Bishop McDevitt coach Jeff Weachter told me the other day that he believes Ohio State defensive end Noah Spence, a five-star McDevitt graduate, could have ended up at Pitt.
“He would have went to Pitt, if they hadn’t fired Dave Wannstedt,” Weachter said.
Of course, even if Wannstedt had stayed, Spence still could have had his head turned by Ohio State coach Urban Meyer. Which is what happened when Meyer swooped in and got a commitment from Spence in December, 2011, three weeks after he was hired in Columbus. Actually, Meyer was lucky: Spence grew up loving Penn State, but looked elsewhere when scandal rocked the school.
Spence, a sophomore, had 14 tackles for a loss, including 7 1/2 sacks, for Ohio State this season.
The story shows how firing a college coach who is popular with high school coaches can set back a program. Wannstedt was a star when he walked into a high school, but he was an underachiever as Pitt’s coach. The administration correctly believed it was time for the program to start making more positive strides, both on and off the field.
Pitt’s mistake was following up with two unfortunate hires — the clumsy Michael Haywood and the impatient and ambitious Todd Graham.
Weachter wasn’t especially impressed with Graham.
“He was in that job for four months before he decided to contact Noah,” he said.
Although the two events are not related, it’s funny that Spence committed to Ohio State a few days after Graham left for Arizona State.
Weachter said he and his players had a better relationship with Wannstedt, and they are developing good rapport with Pitt coach Paul Chryst.
Chryst, by the way, is closely monitoring 2015 Bishop McDevitt running back Andre Robinson and a few other juniors and sophomores at one of the state’s top football schools.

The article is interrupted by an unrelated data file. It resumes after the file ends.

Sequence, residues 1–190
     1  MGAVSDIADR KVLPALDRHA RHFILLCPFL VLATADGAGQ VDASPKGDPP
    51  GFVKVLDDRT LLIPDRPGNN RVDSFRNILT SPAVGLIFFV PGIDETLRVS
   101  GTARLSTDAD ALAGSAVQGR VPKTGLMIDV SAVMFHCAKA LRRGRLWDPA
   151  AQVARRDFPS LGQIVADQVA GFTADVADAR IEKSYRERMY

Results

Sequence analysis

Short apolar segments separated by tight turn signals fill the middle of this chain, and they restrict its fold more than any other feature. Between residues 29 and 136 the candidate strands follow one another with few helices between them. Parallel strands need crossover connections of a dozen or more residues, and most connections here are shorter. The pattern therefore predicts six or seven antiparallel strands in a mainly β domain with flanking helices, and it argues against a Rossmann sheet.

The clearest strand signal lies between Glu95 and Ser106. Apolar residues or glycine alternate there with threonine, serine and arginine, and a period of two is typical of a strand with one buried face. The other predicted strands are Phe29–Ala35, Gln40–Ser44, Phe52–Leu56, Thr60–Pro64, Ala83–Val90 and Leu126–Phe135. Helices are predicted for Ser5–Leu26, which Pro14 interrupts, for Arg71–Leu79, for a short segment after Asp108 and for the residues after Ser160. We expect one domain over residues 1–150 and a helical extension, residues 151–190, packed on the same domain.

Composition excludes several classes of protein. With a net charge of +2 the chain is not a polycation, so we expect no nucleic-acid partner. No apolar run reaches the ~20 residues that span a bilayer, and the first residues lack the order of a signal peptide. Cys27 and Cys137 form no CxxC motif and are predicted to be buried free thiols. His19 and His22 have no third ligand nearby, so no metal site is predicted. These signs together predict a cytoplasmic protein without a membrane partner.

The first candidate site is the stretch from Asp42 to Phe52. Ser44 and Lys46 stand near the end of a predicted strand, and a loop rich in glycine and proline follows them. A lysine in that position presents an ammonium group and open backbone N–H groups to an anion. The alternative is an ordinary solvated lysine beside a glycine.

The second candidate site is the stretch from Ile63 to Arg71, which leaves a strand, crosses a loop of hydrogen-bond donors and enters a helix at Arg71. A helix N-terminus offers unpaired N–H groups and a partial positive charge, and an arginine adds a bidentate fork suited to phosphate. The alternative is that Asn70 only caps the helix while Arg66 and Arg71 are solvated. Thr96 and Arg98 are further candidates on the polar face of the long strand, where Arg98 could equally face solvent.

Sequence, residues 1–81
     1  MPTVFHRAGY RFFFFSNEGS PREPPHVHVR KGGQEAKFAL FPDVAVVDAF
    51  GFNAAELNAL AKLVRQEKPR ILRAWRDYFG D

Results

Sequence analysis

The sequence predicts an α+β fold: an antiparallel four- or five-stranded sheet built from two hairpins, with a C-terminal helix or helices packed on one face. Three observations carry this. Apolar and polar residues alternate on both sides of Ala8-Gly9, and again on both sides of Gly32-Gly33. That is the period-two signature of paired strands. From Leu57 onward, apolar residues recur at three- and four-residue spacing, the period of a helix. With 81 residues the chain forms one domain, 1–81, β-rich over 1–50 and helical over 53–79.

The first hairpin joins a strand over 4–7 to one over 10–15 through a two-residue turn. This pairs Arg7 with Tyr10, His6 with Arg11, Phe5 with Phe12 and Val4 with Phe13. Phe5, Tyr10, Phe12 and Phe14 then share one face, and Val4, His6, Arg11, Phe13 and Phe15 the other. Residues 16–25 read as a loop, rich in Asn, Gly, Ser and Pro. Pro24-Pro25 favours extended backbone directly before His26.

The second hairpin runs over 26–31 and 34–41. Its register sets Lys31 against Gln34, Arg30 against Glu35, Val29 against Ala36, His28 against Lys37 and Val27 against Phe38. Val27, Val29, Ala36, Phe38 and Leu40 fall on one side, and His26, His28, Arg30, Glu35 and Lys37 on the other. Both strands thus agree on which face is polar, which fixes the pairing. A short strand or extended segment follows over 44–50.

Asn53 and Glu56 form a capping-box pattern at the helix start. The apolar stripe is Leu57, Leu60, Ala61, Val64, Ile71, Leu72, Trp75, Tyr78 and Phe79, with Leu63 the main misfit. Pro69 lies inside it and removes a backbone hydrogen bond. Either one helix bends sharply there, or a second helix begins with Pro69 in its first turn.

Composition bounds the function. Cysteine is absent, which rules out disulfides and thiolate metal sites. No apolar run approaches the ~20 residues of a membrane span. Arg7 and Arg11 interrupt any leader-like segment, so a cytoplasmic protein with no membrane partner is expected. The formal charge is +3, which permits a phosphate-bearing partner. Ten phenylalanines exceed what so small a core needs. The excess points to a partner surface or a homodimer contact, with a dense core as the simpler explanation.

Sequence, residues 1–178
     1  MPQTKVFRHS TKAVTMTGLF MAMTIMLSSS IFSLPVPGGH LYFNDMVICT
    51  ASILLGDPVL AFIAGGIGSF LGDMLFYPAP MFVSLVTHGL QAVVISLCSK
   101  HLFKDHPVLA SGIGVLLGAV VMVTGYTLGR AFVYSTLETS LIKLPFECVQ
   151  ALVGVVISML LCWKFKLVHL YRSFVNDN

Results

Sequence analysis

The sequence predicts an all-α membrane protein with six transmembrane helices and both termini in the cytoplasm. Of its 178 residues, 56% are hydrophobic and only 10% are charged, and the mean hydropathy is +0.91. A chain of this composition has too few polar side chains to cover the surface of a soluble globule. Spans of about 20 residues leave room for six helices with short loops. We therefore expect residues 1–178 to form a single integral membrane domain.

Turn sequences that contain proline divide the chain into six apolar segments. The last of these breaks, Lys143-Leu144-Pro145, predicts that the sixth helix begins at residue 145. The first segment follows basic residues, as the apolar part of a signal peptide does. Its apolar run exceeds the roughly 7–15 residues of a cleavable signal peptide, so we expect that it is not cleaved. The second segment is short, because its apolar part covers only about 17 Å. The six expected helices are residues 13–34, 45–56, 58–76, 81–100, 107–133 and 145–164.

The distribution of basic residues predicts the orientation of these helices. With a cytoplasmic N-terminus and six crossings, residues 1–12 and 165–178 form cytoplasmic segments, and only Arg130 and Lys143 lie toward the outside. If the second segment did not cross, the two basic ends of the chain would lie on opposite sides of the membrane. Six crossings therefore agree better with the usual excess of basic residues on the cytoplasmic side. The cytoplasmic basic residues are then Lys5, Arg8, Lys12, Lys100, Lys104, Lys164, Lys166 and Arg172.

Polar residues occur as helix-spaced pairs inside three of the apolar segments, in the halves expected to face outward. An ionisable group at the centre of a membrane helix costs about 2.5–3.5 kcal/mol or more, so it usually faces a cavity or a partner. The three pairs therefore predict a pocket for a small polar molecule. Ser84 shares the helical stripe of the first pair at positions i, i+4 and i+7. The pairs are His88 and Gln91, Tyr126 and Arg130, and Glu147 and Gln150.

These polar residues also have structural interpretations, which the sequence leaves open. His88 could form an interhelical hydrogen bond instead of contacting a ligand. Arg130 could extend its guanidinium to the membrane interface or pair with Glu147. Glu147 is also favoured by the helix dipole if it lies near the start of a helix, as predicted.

Johnson could make a difference
Someone asked why Bowling Green, a Mid-American Conference school without the resources enjoyed by the ACC, can be a six-point favorite over Pitt in the Little Caesars Pizza Bowl.
One reason is quarterback Matt Johnson, overlooked by major schools, including Pitt, largely because he is 6-foot-tall. But Johnson threw five touchdown passes against Northern Illinois in the MAC championship game in which he was the best quarterback on a field that included Heisman finalist Jordan Lynch.
Johnson played at Bishop McDevitt where Weachter marveled at his pupil’s work ethic. Weachter said Johnson worked hard, even in the offseason and during breaks in the school day.
“The joke was I had lunch with Matt more than I did my wife,” he said.
Weachter likes to tell the story of the 2010 state semifinals when McDevitt was trailing Erie Prep, 21-3, at halftime. Johnson had been working with former Steelers and Maryland quarterback Dick Shiner, a friend of quarterback Frank Reich, who led memorable comeback victories from 31- and 32-point deficits when he was with Maryland and the Buffalo Bills. Shiner spent a lot of time talking to Johnson about Reich.
“Matt looked at me and said, `Hey, coach, Frank Reich,’ ” Weachter said. ”He brought us back and we won, 24-21. That’s just Matt.”